One of the main differences between the individual medicinal products that we use to treat diseases and conditions lies in the size of their molecules. The group commonly known as small molecule products are produced through chemical synthesis, while the second group known as large molecule products (biologics) are produced through biological processes.
Molecules, as contained in the commonly used paracetamol and aspirin products, are considered small molecule entities and are stable compounds that are relatively easy to produce. In contrast, large molecule biologics (often used for chronic autoimmune conditions and in oncology) differ from chemically derived drugs in the following ways:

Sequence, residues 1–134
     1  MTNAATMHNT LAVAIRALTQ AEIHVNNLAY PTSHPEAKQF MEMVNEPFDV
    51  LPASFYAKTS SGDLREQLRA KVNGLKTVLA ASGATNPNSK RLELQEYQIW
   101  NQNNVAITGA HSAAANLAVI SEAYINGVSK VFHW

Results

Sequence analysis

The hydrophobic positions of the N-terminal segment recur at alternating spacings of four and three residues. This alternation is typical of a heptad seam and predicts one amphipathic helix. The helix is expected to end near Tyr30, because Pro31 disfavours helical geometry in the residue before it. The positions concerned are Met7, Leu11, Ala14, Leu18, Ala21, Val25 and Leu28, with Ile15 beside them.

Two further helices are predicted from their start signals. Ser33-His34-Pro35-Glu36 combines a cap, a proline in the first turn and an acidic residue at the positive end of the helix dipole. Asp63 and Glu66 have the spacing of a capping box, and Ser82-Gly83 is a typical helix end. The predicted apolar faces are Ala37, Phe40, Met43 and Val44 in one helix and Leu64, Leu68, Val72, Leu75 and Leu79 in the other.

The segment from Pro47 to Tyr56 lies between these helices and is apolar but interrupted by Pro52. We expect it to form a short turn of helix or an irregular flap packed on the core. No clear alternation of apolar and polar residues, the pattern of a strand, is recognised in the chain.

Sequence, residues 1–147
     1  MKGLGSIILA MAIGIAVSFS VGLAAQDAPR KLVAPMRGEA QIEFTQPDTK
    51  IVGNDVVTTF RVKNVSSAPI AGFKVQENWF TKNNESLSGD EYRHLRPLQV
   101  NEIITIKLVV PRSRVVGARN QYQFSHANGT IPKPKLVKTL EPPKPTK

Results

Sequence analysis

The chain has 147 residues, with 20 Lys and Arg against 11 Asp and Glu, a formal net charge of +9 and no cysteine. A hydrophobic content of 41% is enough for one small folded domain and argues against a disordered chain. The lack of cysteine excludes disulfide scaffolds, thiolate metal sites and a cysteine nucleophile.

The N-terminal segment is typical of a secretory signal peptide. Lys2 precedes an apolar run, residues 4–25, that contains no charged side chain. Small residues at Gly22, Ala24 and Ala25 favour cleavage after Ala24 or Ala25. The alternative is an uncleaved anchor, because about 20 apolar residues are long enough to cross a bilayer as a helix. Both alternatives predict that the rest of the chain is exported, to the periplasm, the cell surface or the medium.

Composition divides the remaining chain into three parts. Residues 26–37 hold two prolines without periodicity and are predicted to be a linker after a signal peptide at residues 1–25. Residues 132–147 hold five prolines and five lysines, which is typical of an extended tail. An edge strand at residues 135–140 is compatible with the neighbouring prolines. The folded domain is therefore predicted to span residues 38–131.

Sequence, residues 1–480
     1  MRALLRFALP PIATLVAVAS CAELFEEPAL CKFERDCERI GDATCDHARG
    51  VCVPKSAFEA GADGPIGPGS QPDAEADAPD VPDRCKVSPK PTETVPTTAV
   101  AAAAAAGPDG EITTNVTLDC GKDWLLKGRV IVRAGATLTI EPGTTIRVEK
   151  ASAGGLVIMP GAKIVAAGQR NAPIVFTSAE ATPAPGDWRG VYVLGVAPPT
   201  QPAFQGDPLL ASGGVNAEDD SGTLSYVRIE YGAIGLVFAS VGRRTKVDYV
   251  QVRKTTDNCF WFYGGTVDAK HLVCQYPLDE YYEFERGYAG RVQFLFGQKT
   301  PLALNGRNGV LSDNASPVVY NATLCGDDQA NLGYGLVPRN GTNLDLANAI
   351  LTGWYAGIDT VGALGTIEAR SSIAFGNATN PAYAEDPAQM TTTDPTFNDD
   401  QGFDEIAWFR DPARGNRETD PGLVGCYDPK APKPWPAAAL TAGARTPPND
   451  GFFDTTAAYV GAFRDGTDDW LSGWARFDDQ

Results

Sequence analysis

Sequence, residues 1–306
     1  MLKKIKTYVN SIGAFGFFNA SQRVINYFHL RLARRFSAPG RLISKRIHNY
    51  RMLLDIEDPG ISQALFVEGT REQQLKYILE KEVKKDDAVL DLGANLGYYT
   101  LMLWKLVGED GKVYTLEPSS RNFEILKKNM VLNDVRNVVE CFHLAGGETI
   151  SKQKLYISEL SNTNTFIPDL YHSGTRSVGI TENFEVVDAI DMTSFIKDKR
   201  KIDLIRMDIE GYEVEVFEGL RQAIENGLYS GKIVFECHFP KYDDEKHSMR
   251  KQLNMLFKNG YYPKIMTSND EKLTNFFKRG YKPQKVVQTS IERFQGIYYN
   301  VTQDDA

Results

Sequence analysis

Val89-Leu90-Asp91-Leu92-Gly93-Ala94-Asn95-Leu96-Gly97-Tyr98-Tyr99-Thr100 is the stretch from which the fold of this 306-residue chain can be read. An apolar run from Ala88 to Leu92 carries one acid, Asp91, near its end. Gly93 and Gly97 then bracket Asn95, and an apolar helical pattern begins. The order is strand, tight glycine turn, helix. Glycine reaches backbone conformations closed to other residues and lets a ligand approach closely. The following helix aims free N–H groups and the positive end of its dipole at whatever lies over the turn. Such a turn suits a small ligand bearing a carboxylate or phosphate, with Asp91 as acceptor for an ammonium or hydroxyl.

• Manufactured in living cell culture
• Unstable and sensitive to external conditions
• Complex in structure
Generally, biologic compounds are clinically very effective, but their complex nature results in more resources spent in research, development and manufacturing than the development of small chemical compounds. As a result, biologics are on average more costly to public and government funders than small chemical compounds.
In 2011 it was reported that in the United States, small molecule drug costs averaged US$1 (±R14.00) per day while biological treatment costs were on average US$22 per day (±R300.00).